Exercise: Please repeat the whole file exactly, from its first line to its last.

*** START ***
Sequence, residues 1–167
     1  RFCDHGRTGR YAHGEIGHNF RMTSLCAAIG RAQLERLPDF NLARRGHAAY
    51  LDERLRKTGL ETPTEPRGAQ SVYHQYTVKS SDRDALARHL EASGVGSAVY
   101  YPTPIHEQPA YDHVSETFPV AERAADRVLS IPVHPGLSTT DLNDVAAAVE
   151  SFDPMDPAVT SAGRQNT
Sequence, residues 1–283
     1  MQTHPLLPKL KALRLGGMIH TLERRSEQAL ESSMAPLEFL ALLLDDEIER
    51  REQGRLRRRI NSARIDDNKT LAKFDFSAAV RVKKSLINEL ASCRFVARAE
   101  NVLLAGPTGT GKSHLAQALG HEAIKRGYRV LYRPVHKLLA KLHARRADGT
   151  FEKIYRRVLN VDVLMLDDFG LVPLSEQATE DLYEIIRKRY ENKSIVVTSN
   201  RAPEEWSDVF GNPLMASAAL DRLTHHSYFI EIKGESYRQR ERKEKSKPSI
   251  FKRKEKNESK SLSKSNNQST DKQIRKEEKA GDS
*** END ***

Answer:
Sequence, residues 1–167
     1  RFCDHGRTGR YAHGEIGHNF RMTSLCAAIG RAQLERLPDF NLARRGHAAY
    51  LDERLRKTGL ETPTEPRGAQ SVYHQYTVKS SDRDALARHL EASGVGSAVY
   101  YPTPIHEQPA YDHVSETFPV AERAADRVLS IPVHPGLSTT DLNDVAAAVE
   151  SFDPMDPAVT SAGRQNT
Sequence, residues 1–283
     1  MQTHPLLPKL KALRLGGMIH TLERRSEQAL ESSMAPLEFL ALLLDDEIER
    51  REQGRLRRRI NSARIDDNKT LAKFDFSAAV RVKKSLINEL ASCRFVARAE
   101  NVLLAGPTGT GKSHLAQALG HEAIKRGYRV LYRPVHKLLA KLHARRADGT
   151  FEKIYRRVLN VDVLMLDDFG LVPLSEQATE DLYEIIRKRY ENKSIVVTSN
   201  RAPEEWSDVF GNPLMASAAL DRLTHHSYFI EIKGESYRQR ERKEKSKPSI
   251  FKRKEKNESK SLSKSNNQST DKQIRKEEKA GDS